Not all bridges in Prague cross the river. The Nusle Bridge crosses the Nusle Valley and connects the south-eastern part of the city (Prague 4) with the centre (Prague 2). I’ve been driving over this bridge and using the metro that runs under it since 1996 and I really couldn’t imagine it not being here. As far back as 1893 before the creation of Czechoslovakia, there had been designs for a bridge in this area but it was only in the 1960s that it became a reality.
Three things were happening that would directly affect this project. First was the expansion of the city into the Prague 4 district called Pankrác and the relocation of tens of thousands of citizens into the new high-rise housing. Secondly it was the creation of the D1 motorway that connected Prague with the second city of Brno and that motorway was planned to connect with the Nusle Bridge. Lastly it was the time when the city was already investing time in the creation of an underground metro system.
Nusle Bridge in Numbers
1893 – The first known road bridge design.
1928 – The year that the city first accepted bridge proposals.
1932 – The first plan that incorporates a tramway under the road bridge.
1961 – A design is accepted and given planning consent.
1967 – Construction begins.
1968 – Plans for a tramway are replaced with plans for a metro.
1970 – The static load test for the bridge is made by parking 66 army tanks on it.
1973 – Nusle Bridge opens.
1974 – The Metro runs through the bridge.
288,000,000 – The 2018 cost in CZK for maintenance to keep the bridge going for another 25 years
The Nusle Bridge Design
The design of the bridge went through several iterations. The current Nusle Bridge is 485m long and 26.5m wide allowing for 6 vehicle lanes and two pedestrian paths. It is a pre-stressed concrete design supported by 4 pillars and at its highest it stands 42.5m (highest bridge in the city). 75% of the bridge is over the Prague 2 district and the remainder is over the Prague 4 district (the railway line is the border).
Nusle Bridge Opening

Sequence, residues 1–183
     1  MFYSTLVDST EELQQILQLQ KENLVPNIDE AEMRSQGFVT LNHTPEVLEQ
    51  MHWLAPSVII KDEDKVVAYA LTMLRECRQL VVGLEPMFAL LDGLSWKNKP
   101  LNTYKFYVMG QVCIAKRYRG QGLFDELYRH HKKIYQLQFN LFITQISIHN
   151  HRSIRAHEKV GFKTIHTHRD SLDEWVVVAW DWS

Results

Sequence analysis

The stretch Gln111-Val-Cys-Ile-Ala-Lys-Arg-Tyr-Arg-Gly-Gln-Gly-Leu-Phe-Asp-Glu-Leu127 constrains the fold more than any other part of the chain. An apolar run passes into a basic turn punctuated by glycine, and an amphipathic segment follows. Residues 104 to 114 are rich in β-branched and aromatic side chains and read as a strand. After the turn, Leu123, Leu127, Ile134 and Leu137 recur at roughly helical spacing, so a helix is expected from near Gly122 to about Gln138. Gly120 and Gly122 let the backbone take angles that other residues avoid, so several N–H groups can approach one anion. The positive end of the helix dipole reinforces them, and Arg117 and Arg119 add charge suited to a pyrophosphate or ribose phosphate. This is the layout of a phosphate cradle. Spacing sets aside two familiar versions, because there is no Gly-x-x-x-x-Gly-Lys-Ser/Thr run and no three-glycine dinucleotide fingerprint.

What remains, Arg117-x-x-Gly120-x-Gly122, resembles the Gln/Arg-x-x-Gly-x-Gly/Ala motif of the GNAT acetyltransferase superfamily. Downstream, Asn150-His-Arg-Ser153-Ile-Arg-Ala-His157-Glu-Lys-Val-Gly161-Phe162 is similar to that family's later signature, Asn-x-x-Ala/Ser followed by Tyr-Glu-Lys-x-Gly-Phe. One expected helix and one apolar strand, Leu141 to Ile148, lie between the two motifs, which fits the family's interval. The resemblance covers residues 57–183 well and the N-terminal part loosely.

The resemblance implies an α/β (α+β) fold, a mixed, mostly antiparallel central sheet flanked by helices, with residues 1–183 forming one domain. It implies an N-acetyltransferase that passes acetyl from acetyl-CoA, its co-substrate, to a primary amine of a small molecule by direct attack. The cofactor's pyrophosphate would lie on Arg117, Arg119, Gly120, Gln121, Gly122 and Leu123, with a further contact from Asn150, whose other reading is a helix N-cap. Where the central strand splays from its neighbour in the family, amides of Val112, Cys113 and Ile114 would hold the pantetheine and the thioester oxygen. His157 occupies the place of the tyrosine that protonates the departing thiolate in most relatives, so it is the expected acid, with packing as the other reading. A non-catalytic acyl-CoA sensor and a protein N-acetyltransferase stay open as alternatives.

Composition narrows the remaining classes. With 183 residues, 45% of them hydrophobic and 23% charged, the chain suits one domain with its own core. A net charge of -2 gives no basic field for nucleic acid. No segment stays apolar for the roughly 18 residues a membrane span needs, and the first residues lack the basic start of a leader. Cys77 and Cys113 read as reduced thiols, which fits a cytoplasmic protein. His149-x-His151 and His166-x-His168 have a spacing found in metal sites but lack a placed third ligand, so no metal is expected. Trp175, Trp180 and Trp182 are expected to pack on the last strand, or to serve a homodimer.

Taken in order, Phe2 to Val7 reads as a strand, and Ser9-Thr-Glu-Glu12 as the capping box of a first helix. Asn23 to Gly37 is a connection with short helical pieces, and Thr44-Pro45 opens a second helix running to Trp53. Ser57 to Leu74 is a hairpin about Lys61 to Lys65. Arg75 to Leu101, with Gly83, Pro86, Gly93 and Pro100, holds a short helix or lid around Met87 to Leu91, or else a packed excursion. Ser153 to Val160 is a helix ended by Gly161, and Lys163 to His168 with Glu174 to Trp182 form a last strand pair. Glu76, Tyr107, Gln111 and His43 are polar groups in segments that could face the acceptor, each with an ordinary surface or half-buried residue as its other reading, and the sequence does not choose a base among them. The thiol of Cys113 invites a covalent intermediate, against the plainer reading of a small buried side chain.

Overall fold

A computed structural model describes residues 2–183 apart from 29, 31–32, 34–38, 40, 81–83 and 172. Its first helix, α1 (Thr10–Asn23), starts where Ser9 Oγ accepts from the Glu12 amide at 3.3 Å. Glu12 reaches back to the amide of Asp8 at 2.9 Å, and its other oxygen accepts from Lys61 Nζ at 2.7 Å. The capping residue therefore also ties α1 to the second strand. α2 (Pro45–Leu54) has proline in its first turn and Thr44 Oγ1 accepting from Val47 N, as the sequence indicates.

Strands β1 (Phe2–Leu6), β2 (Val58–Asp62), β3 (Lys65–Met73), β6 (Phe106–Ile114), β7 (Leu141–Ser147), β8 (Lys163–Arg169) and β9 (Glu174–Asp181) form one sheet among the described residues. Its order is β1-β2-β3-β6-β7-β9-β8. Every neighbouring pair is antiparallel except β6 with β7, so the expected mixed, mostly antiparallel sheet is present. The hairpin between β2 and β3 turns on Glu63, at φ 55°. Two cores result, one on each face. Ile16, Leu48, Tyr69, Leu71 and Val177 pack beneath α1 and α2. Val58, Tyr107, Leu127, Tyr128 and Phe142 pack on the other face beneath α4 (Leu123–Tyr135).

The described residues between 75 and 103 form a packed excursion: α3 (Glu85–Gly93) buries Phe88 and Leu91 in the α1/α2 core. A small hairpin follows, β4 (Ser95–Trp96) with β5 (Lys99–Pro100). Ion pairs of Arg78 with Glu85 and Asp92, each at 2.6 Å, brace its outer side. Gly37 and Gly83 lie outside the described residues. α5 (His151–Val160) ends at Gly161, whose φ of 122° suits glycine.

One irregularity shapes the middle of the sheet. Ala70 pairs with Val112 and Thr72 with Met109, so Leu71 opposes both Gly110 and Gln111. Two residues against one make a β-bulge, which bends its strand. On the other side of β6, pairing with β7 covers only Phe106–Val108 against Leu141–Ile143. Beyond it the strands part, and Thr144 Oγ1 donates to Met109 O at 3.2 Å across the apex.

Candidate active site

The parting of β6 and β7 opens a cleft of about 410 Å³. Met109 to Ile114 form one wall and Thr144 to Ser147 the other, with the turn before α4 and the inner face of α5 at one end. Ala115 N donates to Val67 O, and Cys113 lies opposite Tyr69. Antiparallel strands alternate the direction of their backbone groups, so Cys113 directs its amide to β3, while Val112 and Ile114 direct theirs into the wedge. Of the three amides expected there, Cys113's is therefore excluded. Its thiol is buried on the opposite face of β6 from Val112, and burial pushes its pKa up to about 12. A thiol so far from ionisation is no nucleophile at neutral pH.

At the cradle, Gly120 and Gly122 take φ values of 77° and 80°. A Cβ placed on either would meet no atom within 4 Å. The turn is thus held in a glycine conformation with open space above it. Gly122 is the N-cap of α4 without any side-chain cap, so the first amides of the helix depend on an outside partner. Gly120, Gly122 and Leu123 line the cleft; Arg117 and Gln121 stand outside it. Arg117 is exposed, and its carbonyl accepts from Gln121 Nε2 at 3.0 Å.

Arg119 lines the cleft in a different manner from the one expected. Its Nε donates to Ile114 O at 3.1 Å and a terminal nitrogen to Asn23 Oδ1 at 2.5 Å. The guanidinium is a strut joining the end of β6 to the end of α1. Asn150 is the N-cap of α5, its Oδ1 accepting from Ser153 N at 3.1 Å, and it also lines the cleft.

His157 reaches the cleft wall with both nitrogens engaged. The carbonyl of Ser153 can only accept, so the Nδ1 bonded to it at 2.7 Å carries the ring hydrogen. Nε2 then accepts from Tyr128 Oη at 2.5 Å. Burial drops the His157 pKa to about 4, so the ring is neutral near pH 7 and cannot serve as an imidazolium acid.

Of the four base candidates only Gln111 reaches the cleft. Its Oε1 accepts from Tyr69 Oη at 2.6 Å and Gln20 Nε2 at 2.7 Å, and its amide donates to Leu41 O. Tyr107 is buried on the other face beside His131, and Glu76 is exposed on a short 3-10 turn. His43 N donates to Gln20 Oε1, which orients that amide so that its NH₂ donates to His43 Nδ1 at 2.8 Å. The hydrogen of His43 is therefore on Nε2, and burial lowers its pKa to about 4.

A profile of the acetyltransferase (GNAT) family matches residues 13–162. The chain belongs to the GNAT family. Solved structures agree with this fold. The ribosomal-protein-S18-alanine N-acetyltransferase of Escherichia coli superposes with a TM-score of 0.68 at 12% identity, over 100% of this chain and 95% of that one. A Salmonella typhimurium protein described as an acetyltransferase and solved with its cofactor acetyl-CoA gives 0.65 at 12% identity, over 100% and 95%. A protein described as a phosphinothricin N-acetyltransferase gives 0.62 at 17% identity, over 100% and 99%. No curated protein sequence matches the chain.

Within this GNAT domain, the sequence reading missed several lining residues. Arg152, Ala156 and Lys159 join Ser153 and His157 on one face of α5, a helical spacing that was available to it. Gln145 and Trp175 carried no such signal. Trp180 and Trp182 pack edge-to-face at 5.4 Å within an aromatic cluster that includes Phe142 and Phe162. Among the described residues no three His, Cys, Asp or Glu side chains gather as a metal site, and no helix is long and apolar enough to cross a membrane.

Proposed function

The Nusle Bridge was actually completed and could have supported traffic in 1972 but it’s official opening ceremony was delayed until February 25th 1973 so that it coincided with the 25th anniversary of the Communist takeover of the country. It started receiving long distance heavy goods on April 30th 1973 when the D1 motorway link to bridge was connected.
As the official opening was directly related to the Communist takeover, so to was the name. It was formally named the Klement Gottwald Bridge after the first Communist President. When the metro station was being constructed it had the name “Nuselsky Most” (Nusle Bridge) but you won’t find that anymore because it was renamed “Gottwaldova” from 1974. But you won’t find that anymore either because from 1989 it got it’s current name, “Vyšehrad”.
A Few Problems
1) The Nusle Bridge had to be resurfaced in 1981 only 8 years after opening and having handled a pretty low volume of traffic.
2) The length of the bridge caused a problem. At the time the Prague Radio Station broadcast at 675KHz or 469m. Because the bridge was basically 485m of reinforced concrete carrying metal rails it turned the bridge into the biggest radio antenna in the city. So radio reception was great but the testing equipment would not work correctly so all the frequency testing had to be done at night when radio broadcasts were shut down.
3) The original 1961 design of the Nusle Bridge anticipated a lightweight tramway based on the Czech T6 Tram. But in 1968 the government decided to implement a metro system and they aimed to use the Soviet carriage style which exerted 50% more load on the rails. This required an additional 800 Tons of steel bracing within the bridge to spread the extra load.
4) Finally, the bridge became a magnet for people who wanted to commit suicide. Up until 1997 it only had a one metre metal fence so between 1973 and 2004 there were 273 suicides. Under the bridge is a memorial to suicides called Memento Mori.